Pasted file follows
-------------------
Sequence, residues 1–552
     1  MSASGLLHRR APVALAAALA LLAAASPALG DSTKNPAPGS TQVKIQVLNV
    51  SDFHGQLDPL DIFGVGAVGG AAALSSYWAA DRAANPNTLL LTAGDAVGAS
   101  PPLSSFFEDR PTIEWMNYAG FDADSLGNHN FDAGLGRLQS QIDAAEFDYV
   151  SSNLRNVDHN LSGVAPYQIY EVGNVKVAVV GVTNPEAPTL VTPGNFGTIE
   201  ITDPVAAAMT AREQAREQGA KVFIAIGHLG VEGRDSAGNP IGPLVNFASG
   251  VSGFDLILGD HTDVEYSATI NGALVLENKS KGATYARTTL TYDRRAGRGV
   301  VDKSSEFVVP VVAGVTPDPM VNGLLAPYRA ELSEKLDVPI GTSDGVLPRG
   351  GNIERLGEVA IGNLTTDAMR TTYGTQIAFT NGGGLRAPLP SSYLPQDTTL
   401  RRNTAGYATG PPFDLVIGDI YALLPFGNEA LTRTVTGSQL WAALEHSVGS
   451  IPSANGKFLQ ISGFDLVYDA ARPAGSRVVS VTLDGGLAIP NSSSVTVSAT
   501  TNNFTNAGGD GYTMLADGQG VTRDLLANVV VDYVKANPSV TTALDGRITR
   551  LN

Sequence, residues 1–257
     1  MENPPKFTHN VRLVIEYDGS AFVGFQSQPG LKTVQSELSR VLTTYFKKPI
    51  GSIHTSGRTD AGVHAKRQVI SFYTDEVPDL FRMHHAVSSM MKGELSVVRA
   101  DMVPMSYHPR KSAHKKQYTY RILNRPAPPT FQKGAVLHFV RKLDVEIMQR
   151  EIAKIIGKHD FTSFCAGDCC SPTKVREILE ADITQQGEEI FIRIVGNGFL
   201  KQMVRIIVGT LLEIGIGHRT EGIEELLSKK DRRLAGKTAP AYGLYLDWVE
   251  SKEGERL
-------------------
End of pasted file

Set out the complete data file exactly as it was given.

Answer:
Sequence, residues 1–552
     1  MSASGLLHRR APVALAAALA LLAAASPALG DSTKNPAPGS TQVKIQVLNV
    51  SDFHGQLDPL DIFGVGAVGG AAALSSYWAA DRAANPNTLL LTAGDAVGAS
   101  PPLSSFFEDR PTIEWMNYAG FDADSLGNHN FDAGLGRLQS QIDAAEFDYV
   151  SSNLRNVDHN LSGVAPYQIY EVGNVKVAVV GVTNPEAPTL VTPGNFGTIE
   201  ITDPVAAAMT AREQAREQGA KVFIAIGHLG VEGRDSAGNP IGPLVNFASG
   251  VSGFDLILGD HTDVEYSATI NGALVLENKS KGATYARTTL TYDRRAGRGV
   301  VDKSSEFVVP VVAGVTPDPM VNGLLAPYRA ELSEKLDVPI GTSDGVLPRG
   351  GNIERLGEVA IGNLTTDAMR TTYGTQIAFT NGGGLRAPLP SSYLPQDTTL
   401  RRNTAGYATG PPFDLVIGDI YALLPFGNEA LTRTVTGSQL WAALEHSVGS
   451  IPSANGKFLQ ISGFDLVYDA ARPAGSRVVS VTLDGGLAIP NSSSVTVSAT
   501  TNNFTNAGGD GYTMLADGQG VTRDLLANVV VDYVKANPSV TTALDGRITR
   551  LN

Sequence, residues 1–257
     1  MENPPKFTHN VRLVIEYDGS AFVGFQSQPG LKTVQSELSR VLTTYFKKPI
    51  GSIHTSGRTD AGVHAKRQVI SFYTDEVPDL FRMHHAVSSM MKGELSVVRA
   101  DMVPMSYHPR KSAHKKQYTY RILNRPAPPT FQKGAVLHFV RKLDVEIMQR
   151  EIAKIIGKHD FTSFCAGDCC SPTKVREILE ADITQQGEEI FIRIVGNGFL
   201  KQMVRIIVGT LLEIGIGHRT EGIEELLSKK DRRLAGKTAP AYGLYLDWVE
   251  SKEGERL